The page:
The VMworld 2016 is coming in about two weeks. Although I’ve attended every single VMworld after 2007, it’s my first time as an exhibitor myself, to be exact, as a new innovator in the show. If you follow my blog and Twitter, you probably have know the company DoubleCloud that I had founded and the cool products/technologies we’ve been working on. This is the first year for us to promote our products in show. Please come to see our product demos, or simply stop by and say hi. Our booth is 841#4.
While creating the vSearch 3.0, we needed a HTTP/HTTPS proxy server to test the new features like public cloud support. With a little search, I found the Squid server. It turned out to be pretty easy to install a new one and use it based on default settings.
Like most of the software package on CentOS, Squid can be installed using the yum command line. Here is what’s needed to install and configure it.
After more than 4 months of hard work, we are proud to announce the second major release of the product. On the high level, there are 3 major features besides many smaller improvements over the first release based on the customers’ feedback.
1. VM Actions and Group Actions
Installing Google Kubernetes does not require VMware vSphere or any other virtual machine hypervisor. However, doing that on a VM is very convenient, so it’s highly recommended especially for development and testing environment.
Regardless VM or physical machine, a Linux OS is a must. As always, I picked CentOS 7 which is a fork of RHEL. Once getting a CentOS installed, the rest is easy. If you have a CentOS template already, deploying a new one should be very fast.
VMware published a blog “Goodbye vSphere Client for Windows (C#) – Hello HTML5” with two announcements: 1. There won’t be the traditional C# based vSphere Client for the next version of vSphere (no one knows the version yet but it’s safe to call it the next version.). 2. The vSphere HTML5 Web Client Fling will be supported soon (no exact timetable is given). My guess is that it will make into next release of vSphere if not earlier.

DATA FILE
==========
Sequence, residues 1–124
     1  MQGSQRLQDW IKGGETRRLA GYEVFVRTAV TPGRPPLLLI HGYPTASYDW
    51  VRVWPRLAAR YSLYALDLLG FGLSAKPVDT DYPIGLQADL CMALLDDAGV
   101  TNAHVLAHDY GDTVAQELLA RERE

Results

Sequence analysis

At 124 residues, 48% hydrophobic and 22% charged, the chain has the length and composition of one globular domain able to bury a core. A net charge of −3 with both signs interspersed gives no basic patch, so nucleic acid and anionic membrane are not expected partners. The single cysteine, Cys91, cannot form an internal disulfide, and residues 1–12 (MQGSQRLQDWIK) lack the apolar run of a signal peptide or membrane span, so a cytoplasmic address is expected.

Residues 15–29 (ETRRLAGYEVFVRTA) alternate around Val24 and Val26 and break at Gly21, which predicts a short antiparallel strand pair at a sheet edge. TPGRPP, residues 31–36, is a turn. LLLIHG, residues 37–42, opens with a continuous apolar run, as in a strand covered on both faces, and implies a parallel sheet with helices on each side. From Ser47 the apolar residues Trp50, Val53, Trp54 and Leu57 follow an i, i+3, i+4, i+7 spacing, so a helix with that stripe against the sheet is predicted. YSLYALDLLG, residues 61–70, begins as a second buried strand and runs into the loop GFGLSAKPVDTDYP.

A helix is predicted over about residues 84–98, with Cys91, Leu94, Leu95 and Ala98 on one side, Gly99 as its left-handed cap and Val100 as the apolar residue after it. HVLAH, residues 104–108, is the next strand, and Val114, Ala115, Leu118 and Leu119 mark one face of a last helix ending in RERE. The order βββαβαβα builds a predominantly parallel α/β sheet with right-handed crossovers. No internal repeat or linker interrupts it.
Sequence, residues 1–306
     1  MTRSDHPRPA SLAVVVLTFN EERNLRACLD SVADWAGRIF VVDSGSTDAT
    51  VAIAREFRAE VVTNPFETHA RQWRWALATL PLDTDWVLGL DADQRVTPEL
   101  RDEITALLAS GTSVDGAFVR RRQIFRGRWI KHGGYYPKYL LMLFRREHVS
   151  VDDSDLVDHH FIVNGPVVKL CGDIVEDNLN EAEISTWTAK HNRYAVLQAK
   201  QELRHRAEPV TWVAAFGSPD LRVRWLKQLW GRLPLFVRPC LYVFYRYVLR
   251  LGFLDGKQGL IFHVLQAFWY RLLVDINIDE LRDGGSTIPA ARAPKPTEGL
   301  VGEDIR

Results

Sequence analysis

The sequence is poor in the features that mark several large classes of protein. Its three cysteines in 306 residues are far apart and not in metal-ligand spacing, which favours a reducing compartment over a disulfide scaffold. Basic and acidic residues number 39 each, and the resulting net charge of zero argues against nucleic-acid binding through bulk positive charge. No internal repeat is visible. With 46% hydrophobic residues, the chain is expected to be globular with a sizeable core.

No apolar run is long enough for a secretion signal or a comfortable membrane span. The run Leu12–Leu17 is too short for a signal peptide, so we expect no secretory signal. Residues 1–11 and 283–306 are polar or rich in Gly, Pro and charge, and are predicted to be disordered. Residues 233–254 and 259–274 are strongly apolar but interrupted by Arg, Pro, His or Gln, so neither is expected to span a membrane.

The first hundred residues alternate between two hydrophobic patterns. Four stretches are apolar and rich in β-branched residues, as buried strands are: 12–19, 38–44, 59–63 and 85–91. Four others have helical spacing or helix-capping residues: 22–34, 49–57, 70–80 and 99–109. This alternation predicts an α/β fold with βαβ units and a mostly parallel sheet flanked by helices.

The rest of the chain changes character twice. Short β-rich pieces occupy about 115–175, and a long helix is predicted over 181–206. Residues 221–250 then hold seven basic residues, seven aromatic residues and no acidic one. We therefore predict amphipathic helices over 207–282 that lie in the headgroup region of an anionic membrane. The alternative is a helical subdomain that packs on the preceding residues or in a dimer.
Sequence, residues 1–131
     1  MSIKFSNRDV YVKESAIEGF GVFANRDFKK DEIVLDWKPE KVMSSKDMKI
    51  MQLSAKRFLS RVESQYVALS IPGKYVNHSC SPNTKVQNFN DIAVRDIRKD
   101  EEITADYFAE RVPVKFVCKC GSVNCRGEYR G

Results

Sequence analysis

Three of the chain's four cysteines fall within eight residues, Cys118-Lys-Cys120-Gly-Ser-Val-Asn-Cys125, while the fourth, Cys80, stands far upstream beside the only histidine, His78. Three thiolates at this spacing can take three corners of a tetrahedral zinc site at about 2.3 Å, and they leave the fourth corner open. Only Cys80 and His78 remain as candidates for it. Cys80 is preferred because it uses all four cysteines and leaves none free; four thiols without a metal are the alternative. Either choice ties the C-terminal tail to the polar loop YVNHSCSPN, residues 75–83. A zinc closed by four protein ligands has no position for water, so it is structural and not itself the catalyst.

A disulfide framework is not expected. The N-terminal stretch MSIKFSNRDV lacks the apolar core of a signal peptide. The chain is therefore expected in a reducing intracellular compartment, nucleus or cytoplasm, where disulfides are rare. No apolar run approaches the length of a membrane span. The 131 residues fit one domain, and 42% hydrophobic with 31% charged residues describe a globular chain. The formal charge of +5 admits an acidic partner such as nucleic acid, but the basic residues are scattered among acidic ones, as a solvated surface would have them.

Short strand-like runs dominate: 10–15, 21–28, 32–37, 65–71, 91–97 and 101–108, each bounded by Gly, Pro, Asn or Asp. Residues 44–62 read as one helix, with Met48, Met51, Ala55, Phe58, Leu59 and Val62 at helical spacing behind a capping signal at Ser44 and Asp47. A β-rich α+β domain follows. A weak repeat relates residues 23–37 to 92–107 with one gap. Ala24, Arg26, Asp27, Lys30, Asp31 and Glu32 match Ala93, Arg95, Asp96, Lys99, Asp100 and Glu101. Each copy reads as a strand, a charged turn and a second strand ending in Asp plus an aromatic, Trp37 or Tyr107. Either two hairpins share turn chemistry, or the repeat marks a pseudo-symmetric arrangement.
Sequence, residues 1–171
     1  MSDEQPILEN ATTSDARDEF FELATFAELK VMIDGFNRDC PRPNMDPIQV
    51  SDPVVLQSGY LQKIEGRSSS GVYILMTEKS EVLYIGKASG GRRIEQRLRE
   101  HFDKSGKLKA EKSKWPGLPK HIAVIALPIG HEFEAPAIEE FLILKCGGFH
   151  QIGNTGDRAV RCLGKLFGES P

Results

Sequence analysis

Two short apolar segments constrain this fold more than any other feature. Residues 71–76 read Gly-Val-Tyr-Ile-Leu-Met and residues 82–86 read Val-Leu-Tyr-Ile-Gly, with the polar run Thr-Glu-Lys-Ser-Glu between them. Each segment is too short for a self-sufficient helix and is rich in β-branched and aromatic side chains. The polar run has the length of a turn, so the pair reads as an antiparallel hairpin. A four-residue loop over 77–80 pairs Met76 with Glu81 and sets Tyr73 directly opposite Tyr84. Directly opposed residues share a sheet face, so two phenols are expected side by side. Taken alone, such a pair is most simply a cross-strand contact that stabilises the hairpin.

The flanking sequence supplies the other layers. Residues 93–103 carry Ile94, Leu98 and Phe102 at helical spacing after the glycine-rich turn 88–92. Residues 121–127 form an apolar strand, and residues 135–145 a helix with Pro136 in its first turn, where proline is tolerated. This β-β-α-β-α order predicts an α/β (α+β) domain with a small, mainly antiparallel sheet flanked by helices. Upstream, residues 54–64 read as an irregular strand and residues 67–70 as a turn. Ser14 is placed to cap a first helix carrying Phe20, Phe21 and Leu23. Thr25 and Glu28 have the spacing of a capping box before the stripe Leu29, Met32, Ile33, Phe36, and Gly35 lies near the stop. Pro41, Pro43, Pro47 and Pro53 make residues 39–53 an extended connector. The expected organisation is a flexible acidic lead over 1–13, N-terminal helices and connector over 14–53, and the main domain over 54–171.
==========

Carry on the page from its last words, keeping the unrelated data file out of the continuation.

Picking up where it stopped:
In one of my previous blogs – How to Cache Results from Asynchronous Calls in AngularJS, I mentioned a technique that downloads data from remote server via $http service as a promise. This is quite often used in Web application development, for example, you want to save configuration, user preference on remote server and download them on fly.
After the virtualization buzz, the industry is actively looking for the next big thing. The container technology just came in at the right timing. Docker is the clear leader in the container technology, followed by CoreOS Rocket and RancherOS today.
In my last post, I showed a sample with OAuth. It works well for application on others’ behalves. For the hello world program, it’s better to run without any user’s manual interaction. Google has provided “Service Account Key” for that purpose.
When you create a new credential, the console asks the type of key. You can select the service account key, and then select the “Compute engine default service account” with P12 as the key type. The generated key will be downloaded automatically. Save it safely and it cannot download again. You can then copy the key to the project home with a name as key.p12.
Google Cloud is the 3rd public cloud I tried after Amazon AWS and Microsoft Azure. I used its AppEngine before and it worked pretty well. Google started very early in the cloud game but it lost the opportunity to Amazon because it over-estimated the attractiveness of its own infrastructure that runs Google search.